A new study of college students from not-for-profit health body ukactive and AoC Sport has found that physical activity is vital in delivering positive benefits for mental health, feelings of loneliness and educational attainment.
The report, entitled British Active Students Survey: Further Education and delivered in partnership with Matrix Fitness and Sport England, surveyed 3,661 college students on their physical activity levels, as well as various measures of mental wellbeing.
- Active students were over 15% more likely to report an expectation of top grades (48-56 UCAS points) than inactive students.
- 52.7% of active students had confidence in finding employment, compared to just 38.2% of inactive students
- Inactive students were far more likely to report feeling lonely all the time (10.5%) than their more active counterparts (6.9%)
Over two thirds (70.8%) were not meeting the recommended levels of physical activity (150 minutes of moderate to vigorous intensity physical activity a week), with 25.5% classified as inactive (taking fewer than 30 minutes of moderate to vigorous intensity physical activity a week).
The students who were active rated their life satisfaction significantly higher than less active students, ‘while also reporting lower levels of loneliness, higher perceived social inclusion and higher grade expectations.’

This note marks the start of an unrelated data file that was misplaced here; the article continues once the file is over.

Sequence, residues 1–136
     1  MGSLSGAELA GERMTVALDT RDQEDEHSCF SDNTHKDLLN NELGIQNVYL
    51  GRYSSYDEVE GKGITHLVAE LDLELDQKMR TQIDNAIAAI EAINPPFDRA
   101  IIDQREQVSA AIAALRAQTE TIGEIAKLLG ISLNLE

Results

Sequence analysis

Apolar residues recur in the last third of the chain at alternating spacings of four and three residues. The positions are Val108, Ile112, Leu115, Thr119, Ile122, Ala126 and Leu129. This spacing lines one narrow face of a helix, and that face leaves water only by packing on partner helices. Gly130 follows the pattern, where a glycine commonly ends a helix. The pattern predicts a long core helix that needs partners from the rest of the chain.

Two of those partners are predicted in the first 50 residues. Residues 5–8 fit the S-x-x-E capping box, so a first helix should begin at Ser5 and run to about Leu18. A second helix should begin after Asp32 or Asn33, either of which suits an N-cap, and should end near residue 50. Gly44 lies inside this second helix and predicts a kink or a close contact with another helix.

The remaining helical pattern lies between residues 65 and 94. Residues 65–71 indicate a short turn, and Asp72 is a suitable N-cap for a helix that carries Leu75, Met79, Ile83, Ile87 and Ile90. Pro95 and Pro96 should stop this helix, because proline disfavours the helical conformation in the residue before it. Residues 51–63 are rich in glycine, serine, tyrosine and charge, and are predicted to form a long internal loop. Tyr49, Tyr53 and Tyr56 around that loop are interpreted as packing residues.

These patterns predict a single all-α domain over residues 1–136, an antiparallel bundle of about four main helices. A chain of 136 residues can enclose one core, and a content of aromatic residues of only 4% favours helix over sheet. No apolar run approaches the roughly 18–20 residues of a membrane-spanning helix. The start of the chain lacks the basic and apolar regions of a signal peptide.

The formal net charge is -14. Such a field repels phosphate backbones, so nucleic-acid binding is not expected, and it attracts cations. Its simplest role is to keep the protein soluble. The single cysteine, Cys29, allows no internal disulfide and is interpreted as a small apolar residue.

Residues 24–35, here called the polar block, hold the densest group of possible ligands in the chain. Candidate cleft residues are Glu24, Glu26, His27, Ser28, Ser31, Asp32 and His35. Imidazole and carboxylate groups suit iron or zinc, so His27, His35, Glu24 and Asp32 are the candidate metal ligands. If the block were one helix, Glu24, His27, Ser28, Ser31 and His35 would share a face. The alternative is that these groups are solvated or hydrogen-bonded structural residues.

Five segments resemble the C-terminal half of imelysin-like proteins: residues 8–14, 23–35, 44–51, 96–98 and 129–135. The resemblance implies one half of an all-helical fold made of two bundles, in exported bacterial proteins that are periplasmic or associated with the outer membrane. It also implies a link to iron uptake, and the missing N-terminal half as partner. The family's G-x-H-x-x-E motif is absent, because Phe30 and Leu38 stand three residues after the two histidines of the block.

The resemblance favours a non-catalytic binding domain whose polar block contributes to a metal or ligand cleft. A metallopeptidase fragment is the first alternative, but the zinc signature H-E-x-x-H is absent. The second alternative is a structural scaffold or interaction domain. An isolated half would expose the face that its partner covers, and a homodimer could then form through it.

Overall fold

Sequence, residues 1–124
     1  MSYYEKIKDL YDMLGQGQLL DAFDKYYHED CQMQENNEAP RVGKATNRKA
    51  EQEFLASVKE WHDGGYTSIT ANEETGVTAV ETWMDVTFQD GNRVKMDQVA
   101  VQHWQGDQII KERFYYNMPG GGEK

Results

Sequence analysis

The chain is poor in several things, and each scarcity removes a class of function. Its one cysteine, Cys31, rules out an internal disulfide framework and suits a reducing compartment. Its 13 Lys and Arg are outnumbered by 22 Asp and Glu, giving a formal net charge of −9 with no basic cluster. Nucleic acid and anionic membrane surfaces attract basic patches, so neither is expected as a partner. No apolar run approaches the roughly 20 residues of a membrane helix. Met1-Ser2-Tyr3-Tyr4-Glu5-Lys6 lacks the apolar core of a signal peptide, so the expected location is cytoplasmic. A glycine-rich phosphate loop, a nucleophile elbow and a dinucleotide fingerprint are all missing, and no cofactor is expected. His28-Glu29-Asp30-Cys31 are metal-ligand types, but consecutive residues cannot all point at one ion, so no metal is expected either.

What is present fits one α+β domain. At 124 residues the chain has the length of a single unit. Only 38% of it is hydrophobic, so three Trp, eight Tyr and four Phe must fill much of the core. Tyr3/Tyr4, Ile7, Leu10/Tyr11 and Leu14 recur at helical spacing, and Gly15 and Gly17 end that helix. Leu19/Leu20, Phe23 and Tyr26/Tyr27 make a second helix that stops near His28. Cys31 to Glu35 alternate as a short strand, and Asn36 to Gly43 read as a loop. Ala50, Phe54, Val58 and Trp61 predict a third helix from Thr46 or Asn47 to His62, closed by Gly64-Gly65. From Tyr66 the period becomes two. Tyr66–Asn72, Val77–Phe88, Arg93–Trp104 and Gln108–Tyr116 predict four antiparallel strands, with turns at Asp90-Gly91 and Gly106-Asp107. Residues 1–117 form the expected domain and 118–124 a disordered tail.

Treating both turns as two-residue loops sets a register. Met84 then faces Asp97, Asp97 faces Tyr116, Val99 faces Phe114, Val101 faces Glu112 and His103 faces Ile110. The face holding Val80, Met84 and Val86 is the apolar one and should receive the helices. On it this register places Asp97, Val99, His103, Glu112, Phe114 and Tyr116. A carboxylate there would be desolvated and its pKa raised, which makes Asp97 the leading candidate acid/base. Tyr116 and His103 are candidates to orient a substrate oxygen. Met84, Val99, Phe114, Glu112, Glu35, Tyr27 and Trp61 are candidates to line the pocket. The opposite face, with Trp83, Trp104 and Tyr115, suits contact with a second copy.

The findings match quite closely with previous iterations of the report, conducted primarily with university students, demonstrating the widespread benefits of physical activity across further education institutions.
On barriers to physical activity, the Further Education research found that 27.9% of students believed they were too busy with studies to exercise, despite previous research indicating that students with high levels of physical fitness tend to perform better academically.
The report therefore underlines a major opportunity for further education institutions to maximise student satisfaction and attainment, by better encouraging students to be active throughout the day, and highlighting the beneficial role exercise can have on physical, mental and emotional health.
Jack Shakespeare, Director of Children, Young People and Families said:
“Students today face ever more stressful lives, juggling exams, social lives and rapid change.
“This research shows that physical activity is a vital tool in supporting young peoples’ physical, mental and emotional health, and represents a huge opportunity for colleges to deliver better student experiences.”
Marcus Kingwell, AoC Sport Managing Director, said:
“This report shows just how wide-reaching the benefits of sport and physical activity are.
“There is still a lot of work to be done to get more students active but it highlights just how crucial a role sport and physical activity plays in developing the mental health and wellbeing of young people in colleges, as well as their education and employability.”